Fire up the 'cue, gents. Anyone for a stout?

Friday, May 23, 2008

Bracketology - IPA Winners

I see there's a request to report on the winners of the IPA challenge refered to in the post below. Happy to do it, though all I can do is reprint what I found on the Hops and Barley blog. Add more if you have inside info in the comments below.
Biggest First Round Upset: #31 Weinhard's IPA over #2 India Pelican Ale. Weinhard's went on to the Elite 8 after upsetting #18 Pike IPA in the second round.

Other big first round upsets:
#10 Hop Ottin' lost to #23 Mongoose IPA; #27 Fish Tale IPA over #6 Titan IPA; #26 Dick's IPA over #7 Indica IPA; #24 Broken Halo over #9 Total Domination; #29 Thunderhead IPA over #4 Hop Devil.

In the second round, top seeded Stone IPA made it past Lagunitas IPA, and Broken Halo upset Dogfish Head 60 Minute IPA. Thunderhead's slipper no longer fit after loosing to #13 Mojo IPA, and #5 Seed Green Flash West Coast IPA cruised through a second round victory over #12 Avery IPA. As mentioned earlier, Weinhard's made it through to the Elite Eight, as did Dick's IPA.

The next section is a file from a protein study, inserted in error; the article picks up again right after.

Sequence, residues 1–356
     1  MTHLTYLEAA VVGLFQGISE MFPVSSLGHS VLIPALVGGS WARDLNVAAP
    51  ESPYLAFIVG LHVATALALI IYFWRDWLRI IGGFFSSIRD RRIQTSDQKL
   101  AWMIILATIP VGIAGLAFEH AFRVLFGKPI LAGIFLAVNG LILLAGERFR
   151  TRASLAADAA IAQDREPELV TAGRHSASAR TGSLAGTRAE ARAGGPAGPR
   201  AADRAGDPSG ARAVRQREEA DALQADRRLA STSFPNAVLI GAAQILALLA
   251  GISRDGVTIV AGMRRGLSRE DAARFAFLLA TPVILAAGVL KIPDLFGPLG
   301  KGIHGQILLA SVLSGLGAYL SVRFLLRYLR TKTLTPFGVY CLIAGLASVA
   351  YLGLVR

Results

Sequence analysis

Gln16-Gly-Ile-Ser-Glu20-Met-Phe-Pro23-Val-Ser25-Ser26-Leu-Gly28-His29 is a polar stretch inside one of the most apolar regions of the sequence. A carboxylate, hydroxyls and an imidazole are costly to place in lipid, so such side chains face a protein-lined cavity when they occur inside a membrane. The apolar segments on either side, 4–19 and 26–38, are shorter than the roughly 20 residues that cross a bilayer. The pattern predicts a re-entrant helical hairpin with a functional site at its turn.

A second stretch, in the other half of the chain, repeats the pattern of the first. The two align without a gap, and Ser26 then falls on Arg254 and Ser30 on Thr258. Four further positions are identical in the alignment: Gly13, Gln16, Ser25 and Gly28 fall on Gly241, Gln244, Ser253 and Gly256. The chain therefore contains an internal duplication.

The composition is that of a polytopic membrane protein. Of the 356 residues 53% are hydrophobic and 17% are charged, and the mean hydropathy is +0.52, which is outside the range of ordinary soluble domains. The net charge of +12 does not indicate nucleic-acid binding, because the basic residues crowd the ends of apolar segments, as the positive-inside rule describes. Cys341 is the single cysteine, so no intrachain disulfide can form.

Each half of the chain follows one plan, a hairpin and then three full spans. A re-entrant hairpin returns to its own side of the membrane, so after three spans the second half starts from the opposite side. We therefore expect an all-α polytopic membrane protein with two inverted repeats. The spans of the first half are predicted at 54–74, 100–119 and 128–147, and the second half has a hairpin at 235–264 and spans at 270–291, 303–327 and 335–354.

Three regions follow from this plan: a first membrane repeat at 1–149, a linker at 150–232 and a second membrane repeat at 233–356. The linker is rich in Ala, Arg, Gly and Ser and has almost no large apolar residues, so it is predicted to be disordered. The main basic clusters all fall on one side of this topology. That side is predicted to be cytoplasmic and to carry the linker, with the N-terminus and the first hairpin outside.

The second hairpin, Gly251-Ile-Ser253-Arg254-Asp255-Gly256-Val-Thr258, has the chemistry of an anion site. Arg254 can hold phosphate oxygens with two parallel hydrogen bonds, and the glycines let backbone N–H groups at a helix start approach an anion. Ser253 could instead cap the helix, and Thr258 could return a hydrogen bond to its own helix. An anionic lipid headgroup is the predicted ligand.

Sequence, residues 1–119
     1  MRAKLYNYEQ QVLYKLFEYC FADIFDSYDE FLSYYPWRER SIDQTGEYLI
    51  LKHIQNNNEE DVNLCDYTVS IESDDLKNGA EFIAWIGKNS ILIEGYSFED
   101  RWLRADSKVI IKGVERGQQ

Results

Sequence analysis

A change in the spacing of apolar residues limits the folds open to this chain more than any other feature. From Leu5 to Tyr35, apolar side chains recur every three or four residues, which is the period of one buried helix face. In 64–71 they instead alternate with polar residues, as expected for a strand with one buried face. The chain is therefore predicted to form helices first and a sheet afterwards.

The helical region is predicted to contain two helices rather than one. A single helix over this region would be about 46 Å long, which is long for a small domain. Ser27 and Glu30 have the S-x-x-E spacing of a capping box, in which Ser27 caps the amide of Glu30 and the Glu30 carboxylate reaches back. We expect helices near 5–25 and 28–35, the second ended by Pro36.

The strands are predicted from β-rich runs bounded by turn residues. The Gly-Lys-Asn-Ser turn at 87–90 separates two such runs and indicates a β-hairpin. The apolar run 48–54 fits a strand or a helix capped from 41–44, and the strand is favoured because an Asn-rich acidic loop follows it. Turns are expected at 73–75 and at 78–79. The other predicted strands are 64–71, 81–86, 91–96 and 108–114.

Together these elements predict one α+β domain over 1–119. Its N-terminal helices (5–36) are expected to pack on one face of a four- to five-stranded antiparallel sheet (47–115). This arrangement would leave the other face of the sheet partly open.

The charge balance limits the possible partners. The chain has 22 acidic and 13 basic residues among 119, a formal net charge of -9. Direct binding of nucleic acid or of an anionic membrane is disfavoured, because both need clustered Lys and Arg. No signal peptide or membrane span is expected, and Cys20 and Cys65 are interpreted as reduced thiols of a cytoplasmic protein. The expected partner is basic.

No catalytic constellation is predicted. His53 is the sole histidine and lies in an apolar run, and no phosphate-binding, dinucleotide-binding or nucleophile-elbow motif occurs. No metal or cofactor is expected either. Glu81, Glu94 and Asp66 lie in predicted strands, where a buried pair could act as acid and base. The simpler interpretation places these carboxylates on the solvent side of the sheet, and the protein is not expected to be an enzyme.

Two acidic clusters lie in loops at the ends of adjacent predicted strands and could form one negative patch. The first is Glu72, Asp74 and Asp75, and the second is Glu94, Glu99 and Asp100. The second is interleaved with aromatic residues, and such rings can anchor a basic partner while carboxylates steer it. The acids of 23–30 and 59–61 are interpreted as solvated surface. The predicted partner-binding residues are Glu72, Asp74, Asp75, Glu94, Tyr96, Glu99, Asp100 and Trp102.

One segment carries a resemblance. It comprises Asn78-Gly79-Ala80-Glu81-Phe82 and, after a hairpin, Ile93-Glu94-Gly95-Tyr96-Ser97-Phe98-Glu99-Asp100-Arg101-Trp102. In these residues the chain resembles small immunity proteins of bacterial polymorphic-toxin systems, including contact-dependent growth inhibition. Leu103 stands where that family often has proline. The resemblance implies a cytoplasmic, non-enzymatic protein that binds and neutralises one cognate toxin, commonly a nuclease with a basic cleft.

The Final Four:
The first match-up of the Elite Eight yielded the second largest upset of the Challenge with #1 Stone IPA falling to Broken Halo! In the second match-up, Green Flash West Coast IPA had more mojo than Mojo IPA. On the other side of the bracket, Weinhard's IPA slipper fell off against Dick's IPA, and Big Sky IPA kept the momentum from their second round upset of Racer 5 by defeating Boss IPA.

And the winner is: Dick's IPA beat Big Sky, but Broken Halo ran the table with victories over Green Flash and Dick's in the final heads-up match.
I would love to see the actual brackets, but you can actually sense the drama in the write-up. Sounds like a fine time.

Thursday, May 22, 2008

Beer Bracketology